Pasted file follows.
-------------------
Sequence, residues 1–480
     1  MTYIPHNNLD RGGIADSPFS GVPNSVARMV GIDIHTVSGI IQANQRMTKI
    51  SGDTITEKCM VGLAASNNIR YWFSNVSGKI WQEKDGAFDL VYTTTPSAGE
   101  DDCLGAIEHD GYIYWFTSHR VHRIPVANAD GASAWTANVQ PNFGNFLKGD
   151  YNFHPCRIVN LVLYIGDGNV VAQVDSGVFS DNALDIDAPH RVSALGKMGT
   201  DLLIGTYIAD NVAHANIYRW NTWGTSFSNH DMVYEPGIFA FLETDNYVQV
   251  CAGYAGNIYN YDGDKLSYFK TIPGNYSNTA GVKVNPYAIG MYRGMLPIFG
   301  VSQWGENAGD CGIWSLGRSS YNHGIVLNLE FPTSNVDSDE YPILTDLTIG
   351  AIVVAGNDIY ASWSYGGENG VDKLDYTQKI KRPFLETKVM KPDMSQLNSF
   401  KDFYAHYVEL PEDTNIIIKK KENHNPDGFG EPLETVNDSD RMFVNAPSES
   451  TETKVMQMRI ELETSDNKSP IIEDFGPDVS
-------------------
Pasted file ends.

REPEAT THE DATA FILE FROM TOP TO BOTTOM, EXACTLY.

Sequence, residues 1–480
     1  MTYIPHNNLD RGGIADSPFS GVPNSVARMV GIDIHTVSGI IQANQRMTKI
    51  SGDTITEKCM VGLAASNNIR YWFSNVSGKI WQEKDGAFDL VYTTTPSAGE
   101  DDCLGAIEHD GYIYWFTSHR VHRIPVANAD GASAWTANVQ PNFGNFLKGD
   151  YNFHPCRIVN LVLYIGDGNV VAQVDSGVFS DNALDIDAPH RVSALGKMGT
   201  DLLIGTYIAD NVAHANIYRW NTWGTSFSNH DMVYEPGIFA FLETDNYVQV
   251  CAGYAGNIYN YDGDKLSYFK TIPGNYSNTA GVKVNPYAIG MYRGMLPIFG
   301  VSQWGENAGD CGIWSLGRSS YNHGIVLNLE FPTSNVDSDE YPILTDLTIG
   351  AIVVAGNDIY ASWSYGGENG VDKLDYTQKI KRPFLETKVM KPDMSQLNSF
   401  KDFYAHYVEL PEDTNIIIKK KENHNPDGFG EPLETVNDSD RMFVNAPSES
   451  TETKVMQMRI ELETSDNKSP IIEDFGPDVS